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Yakugaku Zasshi. 2012;132(11):1225-30.

[Surfactant-induced itching and the involvement of histamine released from keratinocytes].

[Article in Japanese]

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  • 1Department of Applied Pharmacology, Graduate School of Medicine and Pharmaceutical Sciences, University of Toyama, Toyama, Japan.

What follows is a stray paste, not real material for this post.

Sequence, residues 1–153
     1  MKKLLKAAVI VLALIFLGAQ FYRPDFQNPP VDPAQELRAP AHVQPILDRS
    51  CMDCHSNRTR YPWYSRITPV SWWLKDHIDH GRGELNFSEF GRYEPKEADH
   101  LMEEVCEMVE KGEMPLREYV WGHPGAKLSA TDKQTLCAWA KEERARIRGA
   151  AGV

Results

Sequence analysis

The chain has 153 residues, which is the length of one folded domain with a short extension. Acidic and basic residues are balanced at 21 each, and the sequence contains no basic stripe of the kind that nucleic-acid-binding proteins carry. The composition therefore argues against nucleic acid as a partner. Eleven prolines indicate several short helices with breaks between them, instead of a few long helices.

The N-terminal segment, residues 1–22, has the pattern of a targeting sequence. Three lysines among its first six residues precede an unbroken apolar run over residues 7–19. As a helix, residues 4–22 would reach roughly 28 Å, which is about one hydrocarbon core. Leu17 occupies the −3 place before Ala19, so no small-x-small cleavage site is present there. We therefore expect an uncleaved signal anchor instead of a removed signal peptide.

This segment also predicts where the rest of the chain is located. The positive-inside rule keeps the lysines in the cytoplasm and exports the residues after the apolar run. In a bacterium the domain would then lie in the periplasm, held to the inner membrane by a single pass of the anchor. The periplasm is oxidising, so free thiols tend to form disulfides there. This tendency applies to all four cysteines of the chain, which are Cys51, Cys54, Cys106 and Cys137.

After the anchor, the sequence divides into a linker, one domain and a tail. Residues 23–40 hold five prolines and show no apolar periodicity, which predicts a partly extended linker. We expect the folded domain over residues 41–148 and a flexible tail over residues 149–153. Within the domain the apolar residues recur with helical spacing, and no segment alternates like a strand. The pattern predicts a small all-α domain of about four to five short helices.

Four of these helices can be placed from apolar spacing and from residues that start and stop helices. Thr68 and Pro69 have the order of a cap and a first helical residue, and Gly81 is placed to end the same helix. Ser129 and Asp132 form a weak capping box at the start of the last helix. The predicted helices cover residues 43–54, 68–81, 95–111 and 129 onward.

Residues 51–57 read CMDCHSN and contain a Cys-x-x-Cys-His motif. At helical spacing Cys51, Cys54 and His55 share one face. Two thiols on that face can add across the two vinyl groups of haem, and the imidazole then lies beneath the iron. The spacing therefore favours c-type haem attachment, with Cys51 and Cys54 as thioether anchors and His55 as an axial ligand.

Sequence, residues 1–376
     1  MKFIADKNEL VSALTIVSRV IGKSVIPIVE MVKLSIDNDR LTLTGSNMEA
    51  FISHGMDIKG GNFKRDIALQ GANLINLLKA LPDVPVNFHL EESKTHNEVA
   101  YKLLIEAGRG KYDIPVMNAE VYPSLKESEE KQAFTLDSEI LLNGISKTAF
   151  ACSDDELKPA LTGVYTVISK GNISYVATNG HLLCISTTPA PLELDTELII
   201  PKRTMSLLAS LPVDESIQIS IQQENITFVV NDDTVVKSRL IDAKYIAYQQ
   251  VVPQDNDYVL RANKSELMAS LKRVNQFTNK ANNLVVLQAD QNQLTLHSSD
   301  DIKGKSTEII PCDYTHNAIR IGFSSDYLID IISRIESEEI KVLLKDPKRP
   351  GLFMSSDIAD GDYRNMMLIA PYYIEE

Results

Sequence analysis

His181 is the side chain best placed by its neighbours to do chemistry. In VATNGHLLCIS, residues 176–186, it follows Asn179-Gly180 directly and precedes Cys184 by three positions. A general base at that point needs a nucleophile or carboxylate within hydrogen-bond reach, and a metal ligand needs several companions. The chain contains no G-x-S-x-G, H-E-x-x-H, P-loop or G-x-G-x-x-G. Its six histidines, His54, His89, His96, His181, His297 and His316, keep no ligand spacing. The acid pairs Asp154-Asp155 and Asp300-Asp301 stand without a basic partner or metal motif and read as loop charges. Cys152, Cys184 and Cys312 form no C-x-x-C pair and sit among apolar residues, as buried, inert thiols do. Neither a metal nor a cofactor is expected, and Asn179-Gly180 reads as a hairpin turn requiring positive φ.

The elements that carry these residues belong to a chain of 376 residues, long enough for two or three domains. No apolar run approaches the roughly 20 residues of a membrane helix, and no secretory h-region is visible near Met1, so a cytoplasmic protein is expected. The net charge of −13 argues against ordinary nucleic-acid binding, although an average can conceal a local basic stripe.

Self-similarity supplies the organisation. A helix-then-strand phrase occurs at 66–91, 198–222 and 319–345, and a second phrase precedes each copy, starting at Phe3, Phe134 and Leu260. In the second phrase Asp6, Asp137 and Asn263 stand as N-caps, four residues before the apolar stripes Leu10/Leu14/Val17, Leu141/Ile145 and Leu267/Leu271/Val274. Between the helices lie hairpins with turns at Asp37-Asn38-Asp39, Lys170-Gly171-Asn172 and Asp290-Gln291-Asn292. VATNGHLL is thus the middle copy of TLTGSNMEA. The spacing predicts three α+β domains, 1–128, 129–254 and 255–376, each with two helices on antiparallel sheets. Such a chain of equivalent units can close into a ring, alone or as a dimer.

The primary function of surfactants is to remove dirt, exfoliated corneum cells, and microorganisms from the skin. However, the use of toiletries such as soaps and shampoos containing surfactants may cause adverse effects such as cutaneous irritation, dryness, and itching. Recently, skin pathologies, including dry skin, rough skin, and sensitive skin, have increased because of changes in living conditions and lifestyle. Although many people with skin pathologies complain of itching during and/or after skin washing using detergents, the mechanisms of detergent-induced itch are yet to be elucidated. Therefore, in this study, we investigated the mechanisms underlying surfactant-induced itching. We found that topical application of an anionic surfactant sodium laurate at an alkaline pH, but not N-lauroylsarcosine sodium salt at neutral pH, to mouse skin induced scratching, an itch-related response. Additionally, we found that the sodium laurate-induced scratching was inhibited by H(1) histamine receptor antagonist, but not mast cell deficiency. Sodium laurate application increased histamine content and the level of the active form (53 kDa) of L-histidine decarboxylase (HDC) in the mouse epidermis, but not the dermis. Furthermore, addition of sodium laurate to a human epidermal cell culture increased histamine release and HDC levels, without affecting cell viability. These results suggest that surfactants with alkaline properties are pruritogenic and that the pruritus is induced by the histamine released from epidermal keratinocytes. The increase in histamine release may be attributable to the activation of HDC in epidermal keratinocytes.

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